Kulmbacher: Strong, Dark, and Hoppy

History by the Glass by | Jun 2018 | Issue #132

Why do some styles make it internationally, while others fade away? It’s a question I often ask myself when sitting alone at a bar, staring into space.

In the years when lager began to spread its wings and disperse across Europe, it typically wasn’t in the form you might expect. Pilsner wasn’t the first out of the landing craft to form a beachhead. That honor belonged to other styles.

In most countries the older, Bavarian styles of lager appeared first. Usually Münchener, but types from other Bavarian cities were also copied, such as Würzburger and Kulmbacher. Most of them didn’t hang around long, however.

Kulmbacher (or Culmbacher) was brewed in the US and by Heineken in the Netherlands. What sort of beer was it? Similar to Münchener, this dark lager was much darker. And, unlike the beer from Munich, it was quite heavily hopped and a good bit stronger. While a Munich Export was around 14º Plato, the Kulmbacher Export was 16º Plato or more.

According to Deutsche Vierteljahrsschrift für öffentliche Gesundheitspflege (The German Quarterly Journal of Public Health, 1870, volume 2, page 276), Munich Lager was hopped at a rate of 4 pounds per 100 pounds of beer. Bamberg beer contained 8 pounds, while Kulmbach beer had 12 pounds of hops per 100 pounds of beer. Feeding the details into brewing software, Munich Export comes out at 30 IBU. Kulmbacher Export is 80 IBU, which is pretty damn bitter for a lager, especially a dark one.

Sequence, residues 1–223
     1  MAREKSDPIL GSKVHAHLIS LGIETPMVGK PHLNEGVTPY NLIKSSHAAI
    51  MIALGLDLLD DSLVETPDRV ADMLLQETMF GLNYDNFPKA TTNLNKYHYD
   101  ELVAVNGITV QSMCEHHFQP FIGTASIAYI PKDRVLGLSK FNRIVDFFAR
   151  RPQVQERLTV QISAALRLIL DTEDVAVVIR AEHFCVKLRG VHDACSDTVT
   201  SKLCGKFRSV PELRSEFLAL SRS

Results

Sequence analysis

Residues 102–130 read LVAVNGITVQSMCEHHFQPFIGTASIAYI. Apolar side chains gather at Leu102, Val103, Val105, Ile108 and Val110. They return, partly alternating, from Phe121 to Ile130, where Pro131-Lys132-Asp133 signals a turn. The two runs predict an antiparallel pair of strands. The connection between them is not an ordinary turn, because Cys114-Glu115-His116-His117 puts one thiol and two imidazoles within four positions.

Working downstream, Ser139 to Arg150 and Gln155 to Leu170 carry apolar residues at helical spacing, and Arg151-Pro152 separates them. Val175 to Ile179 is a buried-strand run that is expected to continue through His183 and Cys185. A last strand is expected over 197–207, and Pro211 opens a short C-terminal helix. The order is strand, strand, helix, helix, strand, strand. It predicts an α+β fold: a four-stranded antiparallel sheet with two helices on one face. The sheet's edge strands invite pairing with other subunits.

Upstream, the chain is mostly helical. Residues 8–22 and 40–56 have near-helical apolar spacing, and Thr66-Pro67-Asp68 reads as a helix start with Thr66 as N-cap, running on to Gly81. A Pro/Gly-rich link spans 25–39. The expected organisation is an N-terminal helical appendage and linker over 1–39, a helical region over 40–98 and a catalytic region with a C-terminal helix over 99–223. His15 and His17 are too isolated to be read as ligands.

In Kulmbacher Art in Moderne Braumethoden, author Johannes Olberg describes how the base malt production process was vital to giving the beer its desired character.

“The foundations for the character of this beer are already laid during the malting process. The germination process is slow and cold. The shoots are well-developed, even if they aren’t that long. Drying is within the limits of the Munich drying method in general and the malt is more highly dried, with the flues either severely restricted or completely closed.”
Kulmbacher Art in Moderne Braumethoden, pp 78–79, A. Hartleben, Wien & Leipzig, 1927. (My translation.)

Presumably this process resulted in darker malt than the standard Munich version. But the base malt wasn’t the only source of color—brewers also used caramel malt and roasted malt. Together they produced the style’s very dark color.

Though it turns out some brewers in Kulmbach had been cheating. Around 1900, a court in Bayreuth ordered them to stop using caramel coloring, which wasn’t allowed under the Bavarian Reinheitsgebot. I assume that some, rather than reverting to malt for all the color, starting using Sinamar, a Reinheitsgebot-compliant caramel substitute, made from malt.

Like most Bavarian brewing towns, Kulmbach also had its own particular method of decoction. As opposed to Munich, where a double decoction was the order of the day, brewers in Kulmbach made do with a single decoction, but with a twist.

Not all the wort from the decoction was added back to the mash immediately. A small amount was left in the kettle and boiled with the hops for 10 to 12 minutes. This process was known as hopfenrösten, or hop roasting. Unfortunately, the brewing textbook that describes this procedure doesn’t reveal its purpose.

Sadly, there doesn’t appear to be a single beer brewed today in the Kulmbacher Export style. Not even in Kulmbach. Everyone seems to have forgotten that the town once had its own type of beer. I’m surprised that someone hasn’t revived the style. Strong, dark, and hoppy—it sounds just like the sort of beer a modern audience would appreciate.

 

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